No Place For You, My Love by Eudora Welty, 1952
The magic trick:
Evocatively describing the New Orleans countryside to the point where the setting nearly functions as the story’s main character
Welty paints the couple’s drive south of New Orleans in a beautiful, dark light – almost mystical and supernatural. The vividness of the setting is itself spectacular, but it also serves as the story’s crucial conflict. The man and woman seek escape from the constraints of the city and their respective lives, and the rural Louisiana they adventure through provides such a getaway. They just don’t understand how to communicate in this setting or with this setting. The couple is incapable of truly appreciating the foreign setting, or linking this experience with their normal existence.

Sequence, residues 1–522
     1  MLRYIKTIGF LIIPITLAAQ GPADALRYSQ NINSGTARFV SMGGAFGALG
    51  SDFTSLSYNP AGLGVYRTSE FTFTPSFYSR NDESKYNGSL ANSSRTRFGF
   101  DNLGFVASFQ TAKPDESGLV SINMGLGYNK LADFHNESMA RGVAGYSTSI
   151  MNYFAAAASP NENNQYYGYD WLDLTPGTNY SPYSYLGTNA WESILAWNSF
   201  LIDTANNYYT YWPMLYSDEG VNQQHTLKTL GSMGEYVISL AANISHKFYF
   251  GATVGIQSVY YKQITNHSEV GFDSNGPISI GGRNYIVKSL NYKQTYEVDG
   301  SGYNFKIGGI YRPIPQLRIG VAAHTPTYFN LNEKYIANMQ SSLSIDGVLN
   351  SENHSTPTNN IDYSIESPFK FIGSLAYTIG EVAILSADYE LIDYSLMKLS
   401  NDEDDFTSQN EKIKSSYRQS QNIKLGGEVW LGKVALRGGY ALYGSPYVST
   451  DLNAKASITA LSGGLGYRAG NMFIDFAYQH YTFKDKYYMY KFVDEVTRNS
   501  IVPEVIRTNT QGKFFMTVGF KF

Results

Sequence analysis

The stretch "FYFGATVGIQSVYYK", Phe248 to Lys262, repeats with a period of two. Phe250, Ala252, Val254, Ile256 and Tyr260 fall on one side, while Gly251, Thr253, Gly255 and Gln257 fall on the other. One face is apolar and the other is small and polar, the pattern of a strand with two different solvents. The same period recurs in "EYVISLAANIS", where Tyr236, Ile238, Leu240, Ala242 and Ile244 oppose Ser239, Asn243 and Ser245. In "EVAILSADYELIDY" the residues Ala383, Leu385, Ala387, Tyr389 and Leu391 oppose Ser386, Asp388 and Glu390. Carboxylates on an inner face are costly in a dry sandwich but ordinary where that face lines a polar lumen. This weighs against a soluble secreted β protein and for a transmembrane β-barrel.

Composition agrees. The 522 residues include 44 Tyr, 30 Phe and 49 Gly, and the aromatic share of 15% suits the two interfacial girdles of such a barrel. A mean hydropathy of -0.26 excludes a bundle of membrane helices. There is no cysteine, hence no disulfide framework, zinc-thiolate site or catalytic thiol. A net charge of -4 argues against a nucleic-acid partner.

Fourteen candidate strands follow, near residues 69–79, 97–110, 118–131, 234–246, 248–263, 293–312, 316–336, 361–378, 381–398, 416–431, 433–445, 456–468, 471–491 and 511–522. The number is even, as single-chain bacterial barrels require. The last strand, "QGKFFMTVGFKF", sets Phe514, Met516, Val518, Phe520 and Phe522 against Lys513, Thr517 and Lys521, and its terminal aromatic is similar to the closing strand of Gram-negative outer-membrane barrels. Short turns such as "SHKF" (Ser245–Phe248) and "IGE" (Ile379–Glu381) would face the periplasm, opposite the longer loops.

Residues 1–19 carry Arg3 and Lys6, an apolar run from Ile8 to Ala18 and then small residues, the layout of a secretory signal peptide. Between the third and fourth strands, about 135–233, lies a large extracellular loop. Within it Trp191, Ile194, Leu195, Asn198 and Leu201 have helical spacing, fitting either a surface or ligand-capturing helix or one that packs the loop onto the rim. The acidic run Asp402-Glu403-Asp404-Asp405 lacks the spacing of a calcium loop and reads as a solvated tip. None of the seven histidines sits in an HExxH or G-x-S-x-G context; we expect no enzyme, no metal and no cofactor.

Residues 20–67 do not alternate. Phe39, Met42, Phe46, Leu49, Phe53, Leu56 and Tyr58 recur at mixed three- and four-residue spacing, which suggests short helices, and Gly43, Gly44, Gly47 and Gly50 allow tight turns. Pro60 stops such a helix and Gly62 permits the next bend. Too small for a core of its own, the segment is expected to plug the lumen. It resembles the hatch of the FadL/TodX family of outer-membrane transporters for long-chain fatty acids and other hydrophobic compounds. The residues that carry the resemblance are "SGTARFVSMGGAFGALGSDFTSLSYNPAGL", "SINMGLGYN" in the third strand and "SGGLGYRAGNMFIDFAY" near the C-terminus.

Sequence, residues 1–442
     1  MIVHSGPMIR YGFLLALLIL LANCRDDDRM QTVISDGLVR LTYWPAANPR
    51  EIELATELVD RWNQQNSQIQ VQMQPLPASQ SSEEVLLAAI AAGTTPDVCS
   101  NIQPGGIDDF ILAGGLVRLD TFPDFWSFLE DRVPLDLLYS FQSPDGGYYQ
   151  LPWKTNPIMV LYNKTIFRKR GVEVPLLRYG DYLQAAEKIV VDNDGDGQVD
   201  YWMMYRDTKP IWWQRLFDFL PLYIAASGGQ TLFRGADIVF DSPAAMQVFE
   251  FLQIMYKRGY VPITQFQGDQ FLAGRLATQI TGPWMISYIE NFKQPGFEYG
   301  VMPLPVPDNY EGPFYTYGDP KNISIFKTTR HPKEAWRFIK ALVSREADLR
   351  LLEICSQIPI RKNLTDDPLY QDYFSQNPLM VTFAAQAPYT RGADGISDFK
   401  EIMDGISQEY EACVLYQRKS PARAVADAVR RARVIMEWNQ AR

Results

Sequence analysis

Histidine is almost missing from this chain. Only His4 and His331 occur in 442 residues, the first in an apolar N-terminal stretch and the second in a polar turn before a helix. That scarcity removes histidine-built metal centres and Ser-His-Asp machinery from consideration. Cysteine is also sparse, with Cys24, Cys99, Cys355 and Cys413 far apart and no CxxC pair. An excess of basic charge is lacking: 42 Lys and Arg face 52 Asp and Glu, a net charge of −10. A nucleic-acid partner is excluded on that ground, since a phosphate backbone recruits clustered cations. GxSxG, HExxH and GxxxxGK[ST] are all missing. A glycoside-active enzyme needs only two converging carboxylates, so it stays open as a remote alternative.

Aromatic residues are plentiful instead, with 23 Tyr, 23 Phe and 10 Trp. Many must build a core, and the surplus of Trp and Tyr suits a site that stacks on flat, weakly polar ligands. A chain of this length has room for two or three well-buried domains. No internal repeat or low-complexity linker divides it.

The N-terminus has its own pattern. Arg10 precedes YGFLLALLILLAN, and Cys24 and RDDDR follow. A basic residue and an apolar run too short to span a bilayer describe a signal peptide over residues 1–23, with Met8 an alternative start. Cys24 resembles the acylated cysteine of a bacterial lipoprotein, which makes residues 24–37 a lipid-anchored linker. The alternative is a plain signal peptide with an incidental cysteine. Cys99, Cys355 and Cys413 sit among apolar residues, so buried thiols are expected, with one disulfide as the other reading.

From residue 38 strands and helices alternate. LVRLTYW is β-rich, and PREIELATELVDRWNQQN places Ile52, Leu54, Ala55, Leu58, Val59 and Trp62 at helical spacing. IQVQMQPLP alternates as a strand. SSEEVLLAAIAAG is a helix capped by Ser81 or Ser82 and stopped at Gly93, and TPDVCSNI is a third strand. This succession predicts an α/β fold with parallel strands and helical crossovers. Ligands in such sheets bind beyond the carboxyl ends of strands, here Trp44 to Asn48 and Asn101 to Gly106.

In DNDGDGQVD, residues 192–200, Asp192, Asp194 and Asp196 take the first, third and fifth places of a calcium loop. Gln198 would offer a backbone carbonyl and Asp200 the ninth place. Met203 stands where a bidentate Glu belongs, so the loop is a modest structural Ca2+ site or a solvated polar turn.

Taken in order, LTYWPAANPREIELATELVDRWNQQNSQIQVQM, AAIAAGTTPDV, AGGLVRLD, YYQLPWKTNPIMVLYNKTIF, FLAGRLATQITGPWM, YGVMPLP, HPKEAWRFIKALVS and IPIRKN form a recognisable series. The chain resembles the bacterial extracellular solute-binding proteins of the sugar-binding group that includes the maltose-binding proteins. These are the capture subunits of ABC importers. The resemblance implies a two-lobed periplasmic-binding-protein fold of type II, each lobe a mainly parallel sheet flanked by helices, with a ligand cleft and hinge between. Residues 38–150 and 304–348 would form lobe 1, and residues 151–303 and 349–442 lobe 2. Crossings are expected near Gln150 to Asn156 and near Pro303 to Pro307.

As a result, I came away from the story thinking less about the couple and the difficult nature of communicated emotions and more about the mysterious sadness shrouding the story’s setting. And that’s quite a trick by Welty.
There was water under everything. Even where a screen of jungle had been left to stand, splashes could be heard from under the trees. In the vast open, sometimes boots moved inch by inch through what appeared endless meadows of rubbery flowers.
Her eyes overcome with brightness and size, she felt a panic rise as sudden as nausea. Just how far below questions and answers, concealment and revelation, they were running now – that was still a new question, with a power of its own, waiting. How dear – how costly – could this ride be?